Scientific evidence suggests several ways that explain how Jesus (as) could have survived the events of crucifixion. Among these are auto-resuscitation, hypothermia, shock and collapse and cardiac tamponade.
Autoresuscitation: Lazarus Syndrome
First described in 1982, Lazarus syndrome is a phenomenon where patients survive after an attempt at resuscitation has seemingly failed.  This is called auto-resuscitation, in which blood circulation resumes spontaneously a few minutes after an attempt at resuscitation has been abandoned. This phenomenon is underreported and has been seen by up to 50% of intensive care or prehospital emergency physicians.  Since about 30% of such patients make a good recovery, it is recommended to monitor the patient for at least ten minutes after stopping resuscitation and before declaring death.
How exactly auto-resuscitation takes place is not fully understood, with several theories proposed.  One possible mechanism that has been suggested for how auto-resuscitation works is ‘auto-PEEP,’ or auto-positive-end-expiratory-pressure. [48,49,50] This is described as, ‘During CPR, dynamic hyperinflation may develop in a patient with obstructive airway disease because of hyperventilation and inadequate exhalation time. Cessation of ventilation relieves the hyperinflation and the excessive intrathoracic pressure, thus allowing cardiac filling and permitting the spontaneous return of cardiac function.’  In other words, the over-inflated lungs are relieved, bringing down the excessive intrathoracic pressure and allowing the heart to fill and pump the blood again to resume circulation, leading to auto-resuscitation.
We present a novel hypothesis that Jesus (as), who was in a state of deep coma, experienced ‘spontaneous return of circulation’ when he was placed in a horizontal position after being taken down from the cross. As has been explained above, during the process of crucifixion, the lungs get hyper-inflated (overfilled with air) as breathing requires more and more effort. In the position of crucifixion, the large muscle on the front of the chest wall is stretched upwards and outwards. This makes it much harder to exhale. To facilitate exhalation, the victim had to straighten his knees, bend his elbow, pull the shoulders in and push his body upwards on the nail-impaled wrists.  The more time spent on the cross, the weaker this effort became, and the lungs got more and more overfilled with air, leading to respiratory distress.
Respiratory distress caused by crucifixion closely resembles a severe asthma or emphysema attack, where the lungs are over-inflated. 
While on the cross, the lungs of Jesus (as) would have become gradually distended with increasing efforts to exhale. The increasing pressure caused by the over-filled lungs inside the chest wall would have hindered the return of blood to the heart. This would have been compounded by hypovolaemia, thirst and blood loss caused by flagellation, all of which would have further reduced the return of blood to the heart – leading to circulatory compromise, syncope, or deep coma. As inhalation was relatively easy during crucifixion, vital tissues would have remained oxygenated adequately, keeping them alive. Presumed dead, Jesus (as) was taken off the cross and was placed in a horizontal position. The horizontal position would have helped him to exhale. This would have allowed the lungs to deflate, decrease the pressure inside the chest wall, allowing the blood flow to the heart to increase, facilitating the pumping action of the heart and would have led to a return of circulation, completing the process of auto-resuscitation. Thus, it is medically plausible that Jesus (as) experienced ‘spontaneous return of circulation’ as overinflation of the lungs was relieved by his being placed in a horizontal position.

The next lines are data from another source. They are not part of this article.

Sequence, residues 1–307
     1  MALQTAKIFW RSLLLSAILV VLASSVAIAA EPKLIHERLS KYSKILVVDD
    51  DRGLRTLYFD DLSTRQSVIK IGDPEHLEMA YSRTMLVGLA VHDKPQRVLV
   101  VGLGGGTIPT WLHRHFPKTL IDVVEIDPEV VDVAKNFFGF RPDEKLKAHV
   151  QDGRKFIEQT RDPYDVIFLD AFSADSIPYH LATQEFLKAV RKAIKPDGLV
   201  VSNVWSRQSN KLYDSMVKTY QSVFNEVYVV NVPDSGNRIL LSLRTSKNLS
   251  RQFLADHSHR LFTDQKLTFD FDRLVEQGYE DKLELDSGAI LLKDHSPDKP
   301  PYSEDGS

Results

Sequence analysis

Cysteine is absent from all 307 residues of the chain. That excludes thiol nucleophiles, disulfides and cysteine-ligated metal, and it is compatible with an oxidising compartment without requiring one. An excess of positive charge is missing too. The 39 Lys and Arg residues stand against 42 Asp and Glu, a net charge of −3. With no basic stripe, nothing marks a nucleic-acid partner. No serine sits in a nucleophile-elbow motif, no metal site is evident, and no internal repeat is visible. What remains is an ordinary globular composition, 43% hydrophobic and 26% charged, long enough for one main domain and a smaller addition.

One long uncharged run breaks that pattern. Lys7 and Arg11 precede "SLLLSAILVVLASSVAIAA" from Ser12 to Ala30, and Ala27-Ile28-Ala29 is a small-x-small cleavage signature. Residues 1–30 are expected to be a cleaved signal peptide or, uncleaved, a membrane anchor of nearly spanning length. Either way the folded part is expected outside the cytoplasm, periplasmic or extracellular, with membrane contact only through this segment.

The Journal of the Norwegian Medical Association published an alternative hypothesis suggesting that Jesus (as) was alive at the time he was taken down from the cross. At a body temperature of less than 25°C, a person may appear lifeless even to experienced medical personnel. It is possible to resuscitate people at this body temperature or even lower than this.  At times, these people can come to life spontaneously. It is argued that the circumstances of the crucifixion of Jesus (as) suggest that he might have been suffering from hypothermia on the cross. Therefore, it is conceivable that at the time Jesus (as) was taken down from the cross, he was not dead, but was perceived to be dead and placed in the sepulchre. 
Jerusalem, being 500 metres above sea level, can be quite cold in the spring. It is possible that the cold weather, storm or eclipse, and a period of being on the cross with minimal clothing may have caused hypothermia. It is also possible that Jesus (as) was completely exhausted before he was nailed to the cross.  He had been starved, he had not slept, he had been severely tortured in the morning, and he was forced to carry a heavy cross until he retreated under the burden. Jesus (as) was only on the cross for a short time, a time too short to bring about death on the cross. A combination of exhaustion and hypothermia due to cold weather may have made Jesus (as) appear dead to bystanders. It is quite possible that soldiers also made this mistake.  It is recorded that the soldiers stabbed Jesus (as) with a spear and blood and water came out. But dead people do not bleed.  The body of Jesus (as) was surrendered to Joseph of Arimathea. Nicodemus, a physician and secret follower of Jesus (as), also accompanied Joseph to the sepulchre. It is quite possible and plausible that Jesus (as), in a natural way, had come to consciousness again, and that he had left the burial ground alone or by friends’ help. Modern emergency medicine has shown that with appropriate treatment, patients with severe hypothermia can survive. A study showed that two-thirds of patients with hypothermia (the mean core body temperature on admission was 20.6°C) survived when treated with re-warming.
Shock and Collapse